They say politics makes strange bedfellows. When you see who is lined up against projects that aim to lower the cost of electricity in New England, you can see what they mean.

In Massachusetts, environmentalists are trying to stop a natural gas pipeline project, arguing that the resources would be better used to promote efficiency and renewable resources.

Down in Washington, the environmentalists’ usual enemy, power-generating companies, are fighting on the same side, arguing to federal authorities that the states should not help bring cheaper natural gas into the region because it would “artificially suppress prices.”

But just because they agree (on this one point) doesn’t make them right. The Maine economy has suffered when it competes with states that enjoy low energy costs, and industries that had supplied good jobs to many rural communities have been hurt. Maintaining uncompetitive energy prices — whether the goal is to improve the environment or to improve the corporate bottom line — is a lot to ask from people who need these jobs to get by.

While there is a worldwide glut in natural gas, none of it comes out of the ground in New England, even though the region generates about half of its power in gas-fired plants. Looking ahead, the reliance will grow even greater as older nuclear and oil-fired plants are decommissioned.

During the summer, there is enough gas coming into the region to keep the gas plants running. But in the winter, when home heating gets priority, power generators buy gas on the spot market, and prices can spike.


When that happens, all the generators get more for the power they produce, which makes it worthwhile to fire up an oil-powered plant, like Yarmouth’s Wyman Station. But while the companies make more, customers pay more. Industrial users who pay a variable price for power get hit right away, while residential customers feel the pinch over time.

Environmentalists argue that while gas is cleaner than coal or oil, it is not clean enough. Rather than flood the market with cheaper gas, which would likely bring new gas generators online, they argue that it would be better to move more decisively to “locally made” power like solar and wind, while investing more in efficiency.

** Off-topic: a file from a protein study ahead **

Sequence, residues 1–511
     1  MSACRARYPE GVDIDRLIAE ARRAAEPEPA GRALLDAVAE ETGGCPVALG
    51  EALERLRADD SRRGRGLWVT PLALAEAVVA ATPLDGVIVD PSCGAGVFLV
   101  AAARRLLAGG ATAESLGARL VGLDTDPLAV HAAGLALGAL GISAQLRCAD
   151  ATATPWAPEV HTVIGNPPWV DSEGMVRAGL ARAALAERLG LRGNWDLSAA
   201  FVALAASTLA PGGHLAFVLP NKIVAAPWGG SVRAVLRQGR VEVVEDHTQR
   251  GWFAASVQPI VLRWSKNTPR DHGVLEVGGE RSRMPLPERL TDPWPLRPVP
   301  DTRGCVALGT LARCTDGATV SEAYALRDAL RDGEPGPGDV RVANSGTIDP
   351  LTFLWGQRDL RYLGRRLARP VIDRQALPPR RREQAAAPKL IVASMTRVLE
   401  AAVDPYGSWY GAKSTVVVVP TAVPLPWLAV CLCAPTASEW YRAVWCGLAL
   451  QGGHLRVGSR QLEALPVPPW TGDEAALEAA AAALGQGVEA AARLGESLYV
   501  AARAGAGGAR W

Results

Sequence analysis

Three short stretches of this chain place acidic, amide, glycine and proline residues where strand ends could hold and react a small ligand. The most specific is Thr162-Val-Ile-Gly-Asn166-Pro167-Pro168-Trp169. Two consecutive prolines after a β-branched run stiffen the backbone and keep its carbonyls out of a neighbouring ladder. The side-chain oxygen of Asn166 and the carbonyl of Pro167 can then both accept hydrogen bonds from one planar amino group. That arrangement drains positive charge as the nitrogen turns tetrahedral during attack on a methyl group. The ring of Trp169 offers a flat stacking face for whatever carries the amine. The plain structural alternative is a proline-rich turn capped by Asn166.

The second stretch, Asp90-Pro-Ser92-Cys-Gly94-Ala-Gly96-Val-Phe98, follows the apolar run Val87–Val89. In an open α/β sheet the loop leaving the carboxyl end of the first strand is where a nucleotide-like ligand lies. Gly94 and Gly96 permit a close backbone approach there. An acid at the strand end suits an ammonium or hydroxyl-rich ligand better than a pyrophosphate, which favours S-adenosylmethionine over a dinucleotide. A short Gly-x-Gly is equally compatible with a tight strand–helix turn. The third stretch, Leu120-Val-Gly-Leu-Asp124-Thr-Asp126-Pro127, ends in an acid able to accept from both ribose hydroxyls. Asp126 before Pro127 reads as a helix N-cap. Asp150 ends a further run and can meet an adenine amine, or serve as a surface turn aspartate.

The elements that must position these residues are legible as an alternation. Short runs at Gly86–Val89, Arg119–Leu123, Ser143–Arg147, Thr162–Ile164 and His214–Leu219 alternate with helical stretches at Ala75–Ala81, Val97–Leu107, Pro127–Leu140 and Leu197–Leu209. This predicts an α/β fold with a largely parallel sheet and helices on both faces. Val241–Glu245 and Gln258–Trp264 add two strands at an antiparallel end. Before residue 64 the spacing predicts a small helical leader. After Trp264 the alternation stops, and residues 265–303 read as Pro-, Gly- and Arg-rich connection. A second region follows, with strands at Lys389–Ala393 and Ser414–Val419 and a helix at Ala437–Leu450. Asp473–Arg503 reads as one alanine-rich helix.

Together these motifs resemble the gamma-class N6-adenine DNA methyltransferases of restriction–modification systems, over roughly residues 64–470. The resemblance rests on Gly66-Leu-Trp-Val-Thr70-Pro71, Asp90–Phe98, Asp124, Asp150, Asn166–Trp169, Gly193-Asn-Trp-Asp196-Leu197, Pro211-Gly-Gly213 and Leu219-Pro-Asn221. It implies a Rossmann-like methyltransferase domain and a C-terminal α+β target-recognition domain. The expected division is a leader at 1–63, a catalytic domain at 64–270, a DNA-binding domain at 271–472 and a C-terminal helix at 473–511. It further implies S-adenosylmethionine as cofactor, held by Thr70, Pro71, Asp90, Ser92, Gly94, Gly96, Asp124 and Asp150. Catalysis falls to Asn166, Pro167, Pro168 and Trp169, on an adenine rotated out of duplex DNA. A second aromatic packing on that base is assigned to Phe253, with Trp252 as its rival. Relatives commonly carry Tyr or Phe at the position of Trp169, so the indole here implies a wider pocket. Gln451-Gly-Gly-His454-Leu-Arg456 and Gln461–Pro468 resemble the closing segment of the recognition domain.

We support those efforts. Overreliance on a single energy source, even though that source is in ample supply now, makes us vulnerable. And as technology brings the price of renewables down, they will play a valuable role in the energy mix. Efficiency is not only good for the environment — investing in ways to use less power also costs less than the cheapest power on the market.

But Maine and New England rely on power generated by natural gas, and will for some time to come. It makes sense to do what we can to avoid seasonal shortages that drive up prices.

The new pipeline, as first envisioned, may never materialize even with public help. The Massachusetts Supreme Judicial Court will soon rule on the project backed by Maine regulators, Access Northeast, and could knock it down.

The Maine Public Utilities Commission’s approval comes with the condition that Maine won’t participate unless four other states in the region also agree to take part.

But even though high electricity prices might temporarily put environmentalists and polluters on the same side, they are not good for most Mainers. Efforts to increase the gas supply in New England makes sense for Maine.

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